Evaluating Contractor Delay Claims Related to COVID-19

Evaluating Contractor Delay Insurance Claims Related to COVID-19

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Note: The following article is for informational purposes only and should not be considered legal advice. Please consult with your insurance and legal advisors for specific guidance regarding your individual situation.


The ongoing COVID-19 pandemic has significantly impacted various industries, including construction. As provinces and territories implemented stay-at-home orders, contractors began notifying owners of potential delay claims due to social distancing guidelines and anticipated disruptions in the supply chain. For design firms with construction contract administration responsibilities, taking proactive steps to minimize the risk of being embroiled in delay claims is crucial.


Understanding the Construction Contract

One of the first steps in evaluating contractor delay claims is carefully reviewing the construction contract. Contractors typically have the right to request an extension of time and an increase in costs if they encounter delays beyond their control. Given the widespread stay-at-home orders and the ongoing physical distancing guidelines, contractors may need to inform owners about their intention to seek an extension of the contract time due to COVID-19 impacts.

As a design firm, it is your responsibility to document and communicate to the owner any notice received from the contractor. Understanding the allowable causes for excusable delays as outlined in the construction contract, is crucial in helping the owner evaluate the validity of the contractor’s claims.


Evaluating the Contractor’s Delay Claims

Objective evaluation of contractor delay claims requires access to updated construction schedules and the contractor’s initial schedule of values. These documents are essential in assessing any changes to the project timeline and cost. To assist the owner in evaluating the impact of COVID-19 on the construction schedule and project cost, specific questions can be posed to the contractor.

Here are some examples:

  1. Monitoring Financial Health: How are subcontractors being monitored from a financial health perspective? What due diligence processes are in place?
  2. Supply Chain Impact: Has there been any disruption in the supply chain due to COVID-19? How is this affecting the contractor’s ability to meet project delivery requirements?
  3. COVID-19 Risk Mitigation Strategies: Have internal committees or review groups been established to monitor exposure to COVID-19, including employee safety, supply chain and distribution channel diligence, and production capabilities? Please provide details of the business’s risk mitigation strategies.
  4. Supplier Exposure Assessment: Has the contractor fully assessed their exposure to their key suppliers’ supply chains? Are there second and third-tier suppliers that can be engaged in case of breakdowns with the primary suppliers?
  5. Substitute Products: Have any substitute products been identified for procurement of materials? Do these products require design team approval?
  6. Remote Operations: Can the business operate with the majority of offices and functions working remotely?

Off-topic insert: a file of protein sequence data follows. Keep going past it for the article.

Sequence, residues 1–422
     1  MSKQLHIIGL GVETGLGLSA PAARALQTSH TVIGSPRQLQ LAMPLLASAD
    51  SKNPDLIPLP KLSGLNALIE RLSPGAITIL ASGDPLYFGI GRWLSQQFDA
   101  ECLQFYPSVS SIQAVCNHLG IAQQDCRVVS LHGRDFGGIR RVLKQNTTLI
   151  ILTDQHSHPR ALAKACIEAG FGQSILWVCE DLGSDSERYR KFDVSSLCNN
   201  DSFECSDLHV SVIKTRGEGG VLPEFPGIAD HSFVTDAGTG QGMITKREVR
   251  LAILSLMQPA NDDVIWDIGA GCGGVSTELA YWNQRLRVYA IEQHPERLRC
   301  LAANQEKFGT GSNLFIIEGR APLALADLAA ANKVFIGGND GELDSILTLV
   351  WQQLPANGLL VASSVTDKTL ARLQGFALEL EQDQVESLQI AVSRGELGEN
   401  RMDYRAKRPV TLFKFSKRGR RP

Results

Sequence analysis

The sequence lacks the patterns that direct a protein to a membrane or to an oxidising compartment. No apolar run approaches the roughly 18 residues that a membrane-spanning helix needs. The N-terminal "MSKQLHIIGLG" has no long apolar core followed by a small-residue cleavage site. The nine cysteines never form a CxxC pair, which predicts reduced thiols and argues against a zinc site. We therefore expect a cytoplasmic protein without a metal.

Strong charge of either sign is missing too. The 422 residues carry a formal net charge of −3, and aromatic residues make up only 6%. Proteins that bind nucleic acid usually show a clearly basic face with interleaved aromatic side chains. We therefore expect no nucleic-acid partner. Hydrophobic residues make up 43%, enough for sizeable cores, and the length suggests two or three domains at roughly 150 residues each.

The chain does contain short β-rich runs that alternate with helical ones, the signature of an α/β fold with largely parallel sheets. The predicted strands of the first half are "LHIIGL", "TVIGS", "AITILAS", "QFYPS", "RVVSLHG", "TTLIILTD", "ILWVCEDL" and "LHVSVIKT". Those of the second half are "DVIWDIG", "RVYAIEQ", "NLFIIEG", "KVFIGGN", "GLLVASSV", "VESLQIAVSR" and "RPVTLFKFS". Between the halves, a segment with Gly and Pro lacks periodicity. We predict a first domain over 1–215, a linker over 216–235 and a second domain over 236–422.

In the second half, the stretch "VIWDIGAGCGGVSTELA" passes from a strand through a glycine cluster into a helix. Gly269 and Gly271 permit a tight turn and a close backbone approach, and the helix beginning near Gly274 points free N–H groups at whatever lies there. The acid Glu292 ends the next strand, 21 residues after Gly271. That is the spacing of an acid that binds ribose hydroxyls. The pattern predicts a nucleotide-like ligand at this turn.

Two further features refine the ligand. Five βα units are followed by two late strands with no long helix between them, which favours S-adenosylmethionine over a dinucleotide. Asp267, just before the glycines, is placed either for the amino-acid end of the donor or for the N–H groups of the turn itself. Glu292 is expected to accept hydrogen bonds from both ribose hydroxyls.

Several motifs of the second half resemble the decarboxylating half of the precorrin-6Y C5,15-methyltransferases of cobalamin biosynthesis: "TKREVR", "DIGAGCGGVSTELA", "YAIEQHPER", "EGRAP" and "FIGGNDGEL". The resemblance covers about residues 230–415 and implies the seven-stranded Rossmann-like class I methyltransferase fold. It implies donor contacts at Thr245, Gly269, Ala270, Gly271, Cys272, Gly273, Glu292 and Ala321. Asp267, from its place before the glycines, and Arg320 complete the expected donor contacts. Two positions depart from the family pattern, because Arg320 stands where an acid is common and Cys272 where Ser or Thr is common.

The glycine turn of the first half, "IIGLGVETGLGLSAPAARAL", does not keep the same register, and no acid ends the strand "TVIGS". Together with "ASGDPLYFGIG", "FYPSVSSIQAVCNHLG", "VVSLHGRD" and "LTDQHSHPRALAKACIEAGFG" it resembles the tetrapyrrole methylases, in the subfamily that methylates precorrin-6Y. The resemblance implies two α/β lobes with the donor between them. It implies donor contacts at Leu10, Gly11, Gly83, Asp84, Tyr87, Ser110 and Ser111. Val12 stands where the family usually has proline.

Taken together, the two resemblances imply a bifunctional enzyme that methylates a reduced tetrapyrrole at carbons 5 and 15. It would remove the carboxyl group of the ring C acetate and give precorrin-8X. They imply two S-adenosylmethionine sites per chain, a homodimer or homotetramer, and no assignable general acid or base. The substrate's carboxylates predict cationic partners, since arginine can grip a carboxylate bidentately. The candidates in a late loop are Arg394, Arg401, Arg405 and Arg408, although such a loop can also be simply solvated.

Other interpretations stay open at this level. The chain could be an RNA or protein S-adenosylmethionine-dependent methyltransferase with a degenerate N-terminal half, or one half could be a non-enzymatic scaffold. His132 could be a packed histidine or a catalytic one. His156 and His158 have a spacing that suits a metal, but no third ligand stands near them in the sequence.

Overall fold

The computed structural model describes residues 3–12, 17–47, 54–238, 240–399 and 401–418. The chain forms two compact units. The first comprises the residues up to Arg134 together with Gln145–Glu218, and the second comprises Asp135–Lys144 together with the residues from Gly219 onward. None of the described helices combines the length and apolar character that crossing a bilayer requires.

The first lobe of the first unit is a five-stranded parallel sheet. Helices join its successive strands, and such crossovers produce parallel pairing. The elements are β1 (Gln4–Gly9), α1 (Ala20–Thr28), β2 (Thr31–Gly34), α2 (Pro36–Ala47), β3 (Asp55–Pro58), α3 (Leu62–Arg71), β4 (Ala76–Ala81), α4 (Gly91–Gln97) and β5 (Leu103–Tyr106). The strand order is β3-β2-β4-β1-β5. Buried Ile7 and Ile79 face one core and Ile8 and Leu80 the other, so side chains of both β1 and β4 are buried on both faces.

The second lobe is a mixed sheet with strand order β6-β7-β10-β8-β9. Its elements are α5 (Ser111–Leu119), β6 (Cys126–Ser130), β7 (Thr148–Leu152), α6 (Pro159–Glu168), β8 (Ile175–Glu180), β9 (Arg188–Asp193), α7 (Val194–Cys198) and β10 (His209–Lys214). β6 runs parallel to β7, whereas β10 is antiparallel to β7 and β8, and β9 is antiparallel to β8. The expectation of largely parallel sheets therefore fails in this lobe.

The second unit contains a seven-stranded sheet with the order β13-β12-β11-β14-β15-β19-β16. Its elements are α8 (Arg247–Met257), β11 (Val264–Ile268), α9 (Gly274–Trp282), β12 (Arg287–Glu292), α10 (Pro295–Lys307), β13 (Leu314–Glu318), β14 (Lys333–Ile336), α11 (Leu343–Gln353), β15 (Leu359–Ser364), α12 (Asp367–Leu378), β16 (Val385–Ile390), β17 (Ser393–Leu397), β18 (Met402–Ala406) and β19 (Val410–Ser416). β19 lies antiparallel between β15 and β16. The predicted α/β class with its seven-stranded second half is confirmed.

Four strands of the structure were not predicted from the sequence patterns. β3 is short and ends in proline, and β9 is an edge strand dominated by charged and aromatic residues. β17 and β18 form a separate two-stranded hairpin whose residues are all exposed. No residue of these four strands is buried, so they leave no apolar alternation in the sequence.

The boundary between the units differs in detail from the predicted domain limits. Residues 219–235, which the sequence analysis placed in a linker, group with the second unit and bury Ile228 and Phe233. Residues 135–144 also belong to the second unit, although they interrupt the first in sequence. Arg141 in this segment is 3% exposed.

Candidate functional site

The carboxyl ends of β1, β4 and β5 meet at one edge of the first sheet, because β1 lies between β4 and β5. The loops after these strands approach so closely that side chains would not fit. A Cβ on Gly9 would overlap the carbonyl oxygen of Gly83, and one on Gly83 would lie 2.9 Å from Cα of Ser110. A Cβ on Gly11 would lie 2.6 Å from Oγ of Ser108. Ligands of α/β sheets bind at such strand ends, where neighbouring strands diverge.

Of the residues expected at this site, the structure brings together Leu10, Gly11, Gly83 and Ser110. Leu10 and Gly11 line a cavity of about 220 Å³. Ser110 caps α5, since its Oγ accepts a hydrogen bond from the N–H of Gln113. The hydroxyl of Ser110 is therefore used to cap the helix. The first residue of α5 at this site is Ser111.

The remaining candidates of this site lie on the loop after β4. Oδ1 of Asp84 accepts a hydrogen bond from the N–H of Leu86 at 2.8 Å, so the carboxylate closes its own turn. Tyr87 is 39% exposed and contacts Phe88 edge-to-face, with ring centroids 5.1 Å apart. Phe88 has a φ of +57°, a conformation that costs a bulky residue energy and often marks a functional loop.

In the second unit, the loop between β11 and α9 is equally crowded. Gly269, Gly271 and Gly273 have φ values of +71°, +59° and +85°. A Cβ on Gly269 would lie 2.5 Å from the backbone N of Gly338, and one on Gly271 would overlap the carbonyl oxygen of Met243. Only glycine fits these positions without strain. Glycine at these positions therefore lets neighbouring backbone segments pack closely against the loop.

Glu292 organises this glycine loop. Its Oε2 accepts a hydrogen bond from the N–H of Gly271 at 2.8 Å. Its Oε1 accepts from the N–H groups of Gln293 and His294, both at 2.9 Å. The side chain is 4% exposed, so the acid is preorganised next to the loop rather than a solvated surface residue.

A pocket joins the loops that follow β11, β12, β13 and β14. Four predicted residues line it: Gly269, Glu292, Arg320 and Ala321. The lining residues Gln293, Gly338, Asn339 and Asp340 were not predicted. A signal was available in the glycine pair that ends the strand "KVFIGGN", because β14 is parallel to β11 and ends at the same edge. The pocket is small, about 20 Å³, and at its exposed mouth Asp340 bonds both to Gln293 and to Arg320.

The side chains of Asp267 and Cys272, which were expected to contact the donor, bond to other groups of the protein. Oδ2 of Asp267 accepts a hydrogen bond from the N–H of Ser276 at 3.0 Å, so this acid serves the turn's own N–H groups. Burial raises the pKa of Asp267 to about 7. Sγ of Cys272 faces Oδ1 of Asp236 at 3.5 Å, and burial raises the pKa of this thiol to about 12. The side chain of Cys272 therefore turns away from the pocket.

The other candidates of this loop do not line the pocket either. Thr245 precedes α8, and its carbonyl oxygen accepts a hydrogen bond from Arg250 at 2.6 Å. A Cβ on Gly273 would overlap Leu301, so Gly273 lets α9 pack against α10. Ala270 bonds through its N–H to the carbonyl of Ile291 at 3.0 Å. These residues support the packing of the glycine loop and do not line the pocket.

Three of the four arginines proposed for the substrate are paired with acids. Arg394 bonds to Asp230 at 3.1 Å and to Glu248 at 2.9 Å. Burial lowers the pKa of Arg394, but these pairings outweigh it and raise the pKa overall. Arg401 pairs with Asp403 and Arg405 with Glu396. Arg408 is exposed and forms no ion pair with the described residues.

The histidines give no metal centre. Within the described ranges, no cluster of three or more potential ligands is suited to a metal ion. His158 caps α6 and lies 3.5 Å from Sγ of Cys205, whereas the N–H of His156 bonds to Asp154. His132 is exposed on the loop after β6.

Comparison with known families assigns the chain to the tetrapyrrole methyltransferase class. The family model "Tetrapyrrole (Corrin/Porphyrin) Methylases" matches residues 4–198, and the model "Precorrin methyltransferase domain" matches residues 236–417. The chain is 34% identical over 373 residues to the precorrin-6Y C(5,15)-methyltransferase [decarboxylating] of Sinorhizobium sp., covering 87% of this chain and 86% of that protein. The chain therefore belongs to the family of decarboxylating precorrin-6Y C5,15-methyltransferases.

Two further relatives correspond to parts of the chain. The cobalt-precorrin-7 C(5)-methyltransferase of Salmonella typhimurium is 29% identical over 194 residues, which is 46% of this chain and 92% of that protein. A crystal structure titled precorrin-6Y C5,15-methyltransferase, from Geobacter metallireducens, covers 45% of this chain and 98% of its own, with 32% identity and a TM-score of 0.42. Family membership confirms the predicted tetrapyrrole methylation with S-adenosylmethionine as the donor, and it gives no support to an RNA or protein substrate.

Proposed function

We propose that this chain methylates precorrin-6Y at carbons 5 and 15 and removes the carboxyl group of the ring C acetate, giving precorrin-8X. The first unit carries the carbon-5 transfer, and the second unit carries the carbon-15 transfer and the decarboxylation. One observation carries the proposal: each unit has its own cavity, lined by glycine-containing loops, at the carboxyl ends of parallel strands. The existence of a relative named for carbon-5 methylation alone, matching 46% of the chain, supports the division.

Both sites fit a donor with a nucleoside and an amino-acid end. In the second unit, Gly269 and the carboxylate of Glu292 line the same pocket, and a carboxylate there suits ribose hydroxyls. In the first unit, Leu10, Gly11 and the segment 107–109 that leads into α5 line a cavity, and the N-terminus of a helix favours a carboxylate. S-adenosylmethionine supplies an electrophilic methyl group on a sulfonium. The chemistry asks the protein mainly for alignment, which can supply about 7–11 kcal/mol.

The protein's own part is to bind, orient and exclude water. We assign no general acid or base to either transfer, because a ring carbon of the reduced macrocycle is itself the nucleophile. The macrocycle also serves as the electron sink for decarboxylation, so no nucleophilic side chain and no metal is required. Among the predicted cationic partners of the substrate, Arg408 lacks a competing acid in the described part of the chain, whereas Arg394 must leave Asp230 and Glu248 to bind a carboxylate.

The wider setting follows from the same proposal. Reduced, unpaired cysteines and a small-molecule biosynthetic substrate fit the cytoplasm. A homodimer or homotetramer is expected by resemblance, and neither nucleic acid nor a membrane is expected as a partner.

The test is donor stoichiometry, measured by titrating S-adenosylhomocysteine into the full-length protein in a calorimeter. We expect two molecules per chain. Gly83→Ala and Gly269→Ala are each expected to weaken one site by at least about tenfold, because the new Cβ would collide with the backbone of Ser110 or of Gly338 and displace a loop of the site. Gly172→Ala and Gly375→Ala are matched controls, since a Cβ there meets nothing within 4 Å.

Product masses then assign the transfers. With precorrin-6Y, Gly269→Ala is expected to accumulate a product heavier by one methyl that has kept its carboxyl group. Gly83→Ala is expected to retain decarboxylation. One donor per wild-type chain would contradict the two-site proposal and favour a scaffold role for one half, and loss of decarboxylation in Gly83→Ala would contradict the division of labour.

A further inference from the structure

These questions serve as a starting point, and design firms should prepare more specific questionnaires tailored to the owner’s needs. Ongoing communication between the owner and contractor during this time can help prevent unforeseen delay claims. As a design firm, facilitating this communication reduces the likelihood of being dragged into a delay claim by the contractor.


The Relevance of Evaluating Contractor Delay Claims in 2023

While the COVID-19 pandemic initially caused widespread disruptions in the construction industry, it’s important to acknowledge that delays may still be occurring in 2023. The impact of the pandemic has been long-lasting, and contractors continue to face challenges related to supply chain disruptions and social distancing guidelines.

Evaluating contractor delay claims remains relevant as the construction industry adapts to the new normal. Proactive measures, such as diligent assessment of contractor claims and ongoing communication, are crucial in mitigating potential disputes and ensuring the successful completion of construction projects.



Evaluating contractor delay claims related to COVID-19 requires a thorough understanding of the construction contract and ongoing communication between the owner and contractor. As a design firm, documenting and communicating notices received from the contractor to the owner is essential. By asking pertinent questions and evaluating the impact of COVID-19 on the construction schedule and project cost, design firms can assist owners in making informed decisions.

While the pandemic has presented unprecedented challenges for the construction industry, careful evaluation of delay claims remains crucial. By adopting a proactive and solutions-oriented approach, design firms can help mitigate disputes and ensure the successful completion of construction projects even in the face of ongoing COVID-19 impacts.


Disclaimer: The information contained in this article is based on sources believed to be reliable and should be understood as general risk management and insurance information only. The accuracy of the information cannot be guaranteed, and it should not be considered as advice for individual situations or a determining factor for insurance coverage issues. Statements concerning legal matters should be understood as general observations based on our experience as a managing general agent. They should not be considered legal advice, as we are not authorized to provide such advice. It is recommended that insureds consult their insurance and legal advisors for specific guidance. © 2020 Victor Insurance Managers Inc.

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